Families Sue Airline in 1999 Crash That Killed More Than 200


The families of five Orange County residents who died in last year’s crash of an EgyptAir jetliner have filed suit against the airline, alleging that pilot negligence and lax maintenance procedures contributed to the plane’s plunge into the Atlantic.

The lawsuits, filed in federal court in Santa Ana, charge that airline workers ignored warning signs of possible problems with the Boeing 767 aircraft’s tail assembly, and that they left alone a mentally unstable crew member to pilot the plane during crucial minutes before the crash Oct. 31, 1999.

The complaints, filed Oct. 18, are among dozens of legal actions initiated against the Egyptian airline as the disaster’s first anniversary approaches. EgyptAir flight 990 was traveling from New York to Cairo when it crashed off the New England coast. More than 200 people died, including 10 passengers from Orange County who had boarded the plane in Los Angeles, its original departure point.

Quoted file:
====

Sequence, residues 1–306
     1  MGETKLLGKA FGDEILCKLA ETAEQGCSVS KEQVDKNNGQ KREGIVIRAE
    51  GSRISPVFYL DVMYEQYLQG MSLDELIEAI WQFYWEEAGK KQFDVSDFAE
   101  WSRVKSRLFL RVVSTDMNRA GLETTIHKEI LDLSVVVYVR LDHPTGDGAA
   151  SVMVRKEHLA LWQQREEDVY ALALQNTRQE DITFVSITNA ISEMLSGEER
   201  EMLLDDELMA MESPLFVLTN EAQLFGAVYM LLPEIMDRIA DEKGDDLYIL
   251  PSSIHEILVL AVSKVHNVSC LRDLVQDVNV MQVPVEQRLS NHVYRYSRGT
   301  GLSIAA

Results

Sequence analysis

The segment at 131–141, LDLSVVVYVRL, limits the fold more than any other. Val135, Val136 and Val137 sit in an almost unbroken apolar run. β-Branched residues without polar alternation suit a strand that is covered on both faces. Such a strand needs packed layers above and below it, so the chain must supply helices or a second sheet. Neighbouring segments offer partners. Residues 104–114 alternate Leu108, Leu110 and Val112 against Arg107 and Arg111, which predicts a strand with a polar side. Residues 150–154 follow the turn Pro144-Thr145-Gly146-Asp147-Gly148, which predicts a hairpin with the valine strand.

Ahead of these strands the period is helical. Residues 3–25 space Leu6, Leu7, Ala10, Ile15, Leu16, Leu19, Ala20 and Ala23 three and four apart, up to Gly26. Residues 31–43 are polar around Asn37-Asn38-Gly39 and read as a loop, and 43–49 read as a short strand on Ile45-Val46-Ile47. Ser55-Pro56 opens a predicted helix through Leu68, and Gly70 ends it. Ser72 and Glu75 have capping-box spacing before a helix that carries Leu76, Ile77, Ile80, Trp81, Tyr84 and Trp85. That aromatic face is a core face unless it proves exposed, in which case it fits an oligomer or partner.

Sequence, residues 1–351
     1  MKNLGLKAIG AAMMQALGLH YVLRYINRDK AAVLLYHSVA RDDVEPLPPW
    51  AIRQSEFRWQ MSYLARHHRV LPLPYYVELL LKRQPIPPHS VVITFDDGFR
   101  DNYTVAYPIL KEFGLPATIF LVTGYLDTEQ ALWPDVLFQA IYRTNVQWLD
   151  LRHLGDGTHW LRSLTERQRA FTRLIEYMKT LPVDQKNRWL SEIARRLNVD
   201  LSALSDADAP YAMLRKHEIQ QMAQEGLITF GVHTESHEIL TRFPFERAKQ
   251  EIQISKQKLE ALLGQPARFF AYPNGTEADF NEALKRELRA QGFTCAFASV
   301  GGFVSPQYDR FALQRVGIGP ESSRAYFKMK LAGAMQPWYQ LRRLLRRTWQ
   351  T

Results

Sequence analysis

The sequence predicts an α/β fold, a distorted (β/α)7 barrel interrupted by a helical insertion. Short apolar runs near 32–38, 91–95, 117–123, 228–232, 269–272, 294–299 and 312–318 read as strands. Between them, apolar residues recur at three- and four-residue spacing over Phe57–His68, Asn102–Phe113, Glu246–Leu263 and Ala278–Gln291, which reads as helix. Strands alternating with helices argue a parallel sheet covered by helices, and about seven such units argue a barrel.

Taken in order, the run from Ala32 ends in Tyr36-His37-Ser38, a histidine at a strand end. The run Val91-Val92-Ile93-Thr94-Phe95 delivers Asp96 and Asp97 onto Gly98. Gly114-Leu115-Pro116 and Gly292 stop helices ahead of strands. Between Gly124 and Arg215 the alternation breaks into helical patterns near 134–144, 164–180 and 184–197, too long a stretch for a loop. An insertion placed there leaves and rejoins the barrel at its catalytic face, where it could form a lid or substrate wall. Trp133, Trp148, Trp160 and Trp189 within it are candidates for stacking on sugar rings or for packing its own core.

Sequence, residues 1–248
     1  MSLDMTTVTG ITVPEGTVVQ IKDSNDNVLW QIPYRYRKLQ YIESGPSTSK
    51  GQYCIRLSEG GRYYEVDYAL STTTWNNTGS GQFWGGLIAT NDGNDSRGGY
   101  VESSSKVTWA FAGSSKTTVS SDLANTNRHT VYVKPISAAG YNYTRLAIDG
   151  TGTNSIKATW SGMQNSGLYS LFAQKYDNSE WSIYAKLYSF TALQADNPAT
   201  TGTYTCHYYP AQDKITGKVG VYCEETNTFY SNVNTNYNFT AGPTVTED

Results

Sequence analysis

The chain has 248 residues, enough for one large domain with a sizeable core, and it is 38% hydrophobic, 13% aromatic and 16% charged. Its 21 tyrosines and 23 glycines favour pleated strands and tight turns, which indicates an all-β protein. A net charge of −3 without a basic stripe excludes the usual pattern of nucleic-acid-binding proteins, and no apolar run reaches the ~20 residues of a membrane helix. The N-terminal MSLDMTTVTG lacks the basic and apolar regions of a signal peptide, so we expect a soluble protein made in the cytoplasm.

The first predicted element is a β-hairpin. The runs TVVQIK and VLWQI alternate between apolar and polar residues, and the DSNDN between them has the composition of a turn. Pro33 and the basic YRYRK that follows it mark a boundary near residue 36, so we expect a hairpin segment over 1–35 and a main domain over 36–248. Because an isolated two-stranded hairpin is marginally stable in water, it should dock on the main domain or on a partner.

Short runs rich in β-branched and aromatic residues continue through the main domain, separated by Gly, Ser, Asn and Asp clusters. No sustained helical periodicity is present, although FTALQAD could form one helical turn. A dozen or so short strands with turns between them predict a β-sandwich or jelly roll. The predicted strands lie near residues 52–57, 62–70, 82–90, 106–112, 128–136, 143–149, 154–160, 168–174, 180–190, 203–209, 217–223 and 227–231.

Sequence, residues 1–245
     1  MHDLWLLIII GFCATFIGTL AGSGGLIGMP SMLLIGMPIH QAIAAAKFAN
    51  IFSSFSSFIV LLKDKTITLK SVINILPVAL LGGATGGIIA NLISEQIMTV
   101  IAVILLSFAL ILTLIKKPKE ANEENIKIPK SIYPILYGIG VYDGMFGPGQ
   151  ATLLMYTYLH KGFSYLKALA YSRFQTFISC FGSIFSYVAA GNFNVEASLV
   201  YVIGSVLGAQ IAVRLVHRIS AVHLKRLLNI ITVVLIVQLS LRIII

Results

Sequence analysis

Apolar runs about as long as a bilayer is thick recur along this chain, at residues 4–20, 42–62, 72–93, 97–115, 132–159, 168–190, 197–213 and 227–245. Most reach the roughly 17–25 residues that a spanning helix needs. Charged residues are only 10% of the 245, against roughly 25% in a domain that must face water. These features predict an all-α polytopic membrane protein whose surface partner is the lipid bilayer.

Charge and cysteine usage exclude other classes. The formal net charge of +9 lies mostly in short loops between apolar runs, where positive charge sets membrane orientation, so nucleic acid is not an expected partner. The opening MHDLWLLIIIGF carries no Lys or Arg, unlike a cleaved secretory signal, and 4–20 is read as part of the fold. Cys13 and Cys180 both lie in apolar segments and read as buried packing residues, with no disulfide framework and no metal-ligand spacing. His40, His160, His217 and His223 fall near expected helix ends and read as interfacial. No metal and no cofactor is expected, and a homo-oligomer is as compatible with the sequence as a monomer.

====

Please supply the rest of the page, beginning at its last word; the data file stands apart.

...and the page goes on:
The lawsuits were filed by family members of Tobey Seidman, Sheila Jaffee, Judith Bowman, and Effat and Virginia Mansour. They seek unspecified compensatory damages. EgyptAir officials were not available for comment.

The cause of the crash remains a mystery, as Egyptian and U.S. officials have offered differing scenarios of what could have occurred.

One original theory pushed by U.S. investigators was that co-pilot Gamil Batouty deliberately plunged the jetliner into the Atlantic as part of a murder-suicide mission. Egyptian officials have said the accident could have been caused by malfunctions in the aircraft’s elevator control system, precipitating the plane’s steep dive.

The Orange County families’ attorneys cite possible mechanical trouble as well as pilot negligence in failing to pull the plane up again.

Attorney Arthur Wolk said work crews in Los Angeles failed to perform routine maintenance checks, though there were signs of potential problems with the plane’s elevators. The elevators, located on the plane’s tail assembly, control the up or down angles of the nose.

When the plane went into its nose dive, only the co-pilot, Batouty, was in the cockpit at the time, a violation of federal aviation regulations, Wolk said. Batouty also showed signs of mental instability and should not have been left alone in the cockpit, he said.


EgyptAir officials have harshly rejected theories that Batouty acted intentionally.